Scapular Winging

Scapular winging is a condition wherein the shoulder blade moves excessively away from its normal position on the thoracic region of the back. This can cause pain and weakness as well as loss of function and can be a problem cosmetically. The causes of scapular winging are numerous. The most common cause is weakness of the stabilizing muscles of the shoulder blade. The scapula is the attachment site for many muscles which work in conjunction to move the arm in space and also to stabilize the arm for heavy lifting or weight bearing. When these muscle are weak, damaged or out of balance, they can lose the ability to hold the shoulder blade in place. The result is winging. When the scapula is out of position, the shoulder cannot function optimally, leading to loss of strength and ROM and sometimes pain.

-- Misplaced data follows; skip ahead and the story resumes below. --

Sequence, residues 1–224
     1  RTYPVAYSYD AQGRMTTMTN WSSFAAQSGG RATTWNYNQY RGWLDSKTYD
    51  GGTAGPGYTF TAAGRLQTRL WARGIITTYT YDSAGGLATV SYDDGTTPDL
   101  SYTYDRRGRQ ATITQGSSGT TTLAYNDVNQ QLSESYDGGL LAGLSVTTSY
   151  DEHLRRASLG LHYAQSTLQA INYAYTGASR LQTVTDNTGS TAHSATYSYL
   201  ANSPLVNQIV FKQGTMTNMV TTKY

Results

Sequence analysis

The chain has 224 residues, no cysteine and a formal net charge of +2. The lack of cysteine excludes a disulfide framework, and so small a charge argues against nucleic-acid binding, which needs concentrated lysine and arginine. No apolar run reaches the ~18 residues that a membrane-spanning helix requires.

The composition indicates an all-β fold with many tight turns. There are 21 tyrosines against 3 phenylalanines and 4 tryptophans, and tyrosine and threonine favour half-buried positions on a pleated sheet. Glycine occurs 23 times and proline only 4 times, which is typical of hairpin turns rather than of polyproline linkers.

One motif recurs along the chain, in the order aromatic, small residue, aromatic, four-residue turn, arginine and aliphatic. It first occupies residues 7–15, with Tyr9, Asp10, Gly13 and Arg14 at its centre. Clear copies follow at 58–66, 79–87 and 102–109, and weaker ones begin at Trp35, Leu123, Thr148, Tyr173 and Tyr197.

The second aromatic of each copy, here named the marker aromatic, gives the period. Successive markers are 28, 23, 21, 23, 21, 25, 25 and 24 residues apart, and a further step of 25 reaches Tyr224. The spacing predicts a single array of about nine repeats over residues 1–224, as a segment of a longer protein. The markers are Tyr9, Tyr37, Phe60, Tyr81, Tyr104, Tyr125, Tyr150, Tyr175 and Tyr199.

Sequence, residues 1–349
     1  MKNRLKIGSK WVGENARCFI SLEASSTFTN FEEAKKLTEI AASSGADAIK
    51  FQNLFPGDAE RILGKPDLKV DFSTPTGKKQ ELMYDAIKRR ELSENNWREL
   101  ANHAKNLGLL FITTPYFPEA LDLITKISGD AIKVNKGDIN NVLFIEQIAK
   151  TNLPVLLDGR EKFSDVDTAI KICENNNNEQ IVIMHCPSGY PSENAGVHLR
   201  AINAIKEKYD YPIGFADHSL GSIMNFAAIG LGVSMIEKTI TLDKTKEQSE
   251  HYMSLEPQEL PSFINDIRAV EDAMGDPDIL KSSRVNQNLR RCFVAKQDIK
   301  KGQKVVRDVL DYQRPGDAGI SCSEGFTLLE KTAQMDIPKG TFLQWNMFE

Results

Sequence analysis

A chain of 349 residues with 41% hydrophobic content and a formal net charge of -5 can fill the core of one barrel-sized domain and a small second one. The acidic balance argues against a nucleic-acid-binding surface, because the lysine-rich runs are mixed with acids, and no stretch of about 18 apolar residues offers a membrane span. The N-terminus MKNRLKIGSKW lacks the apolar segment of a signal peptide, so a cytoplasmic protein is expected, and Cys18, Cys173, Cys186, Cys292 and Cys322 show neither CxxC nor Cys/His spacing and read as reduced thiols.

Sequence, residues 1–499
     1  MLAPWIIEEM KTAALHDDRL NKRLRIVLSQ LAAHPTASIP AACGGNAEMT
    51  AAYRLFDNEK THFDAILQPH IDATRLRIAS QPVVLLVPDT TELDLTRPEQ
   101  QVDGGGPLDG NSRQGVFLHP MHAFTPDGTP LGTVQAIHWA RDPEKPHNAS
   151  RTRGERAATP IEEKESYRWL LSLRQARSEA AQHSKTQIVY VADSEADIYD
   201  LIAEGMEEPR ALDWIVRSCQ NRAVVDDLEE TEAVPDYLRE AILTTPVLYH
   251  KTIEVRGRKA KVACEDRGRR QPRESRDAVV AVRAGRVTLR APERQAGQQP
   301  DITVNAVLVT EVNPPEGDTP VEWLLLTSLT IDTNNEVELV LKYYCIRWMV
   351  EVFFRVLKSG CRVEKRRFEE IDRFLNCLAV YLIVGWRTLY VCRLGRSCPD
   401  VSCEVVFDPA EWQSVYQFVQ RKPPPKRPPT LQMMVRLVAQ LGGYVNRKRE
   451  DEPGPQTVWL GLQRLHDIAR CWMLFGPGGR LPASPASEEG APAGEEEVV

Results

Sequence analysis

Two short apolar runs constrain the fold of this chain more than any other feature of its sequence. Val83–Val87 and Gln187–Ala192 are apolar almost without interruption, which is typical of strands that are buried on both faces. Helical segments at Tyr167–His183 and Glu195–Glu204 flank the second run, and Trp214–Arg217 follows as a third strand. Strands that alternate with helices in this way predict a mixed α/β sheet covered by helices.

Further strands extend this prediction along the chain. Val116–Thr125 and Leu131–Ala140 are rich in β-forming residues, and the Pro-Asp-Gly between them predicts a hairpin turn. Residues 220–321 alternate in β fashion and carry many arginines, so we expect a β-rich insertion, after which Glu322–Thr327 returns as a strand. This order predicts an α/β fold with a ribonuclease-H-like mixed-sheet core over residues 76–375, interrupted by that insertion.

There are a few simple exercises which, if done regularly can help this condition. Lying on your back with your arms straight up, practice punching your arms farther up towards the ceiling. Keep your elbows locked out straight the entire time. You should feel your shoulder blades moving up off the floor and the muscles along the sides of your mid-back contracting. Repeat 20-30 times without pain and progress to a light hand weight when this becomes easy.

Next we will stretch out the tight pectoral muscles. Find a corner of a room that has some free space. If not, you can use an open doorway. Bring your forearms or hands to the walls or to the door frame out to your sides. Arms should be higher than shoulder height. Now lean your body forward towards the corner or into the doorway until you feel a stretch across your chest. Hold for at least 30 seconds and repeat 3 times.

If done consistently, these exercises can reduce scapular winging. See your MD or PT if symptoms persist.

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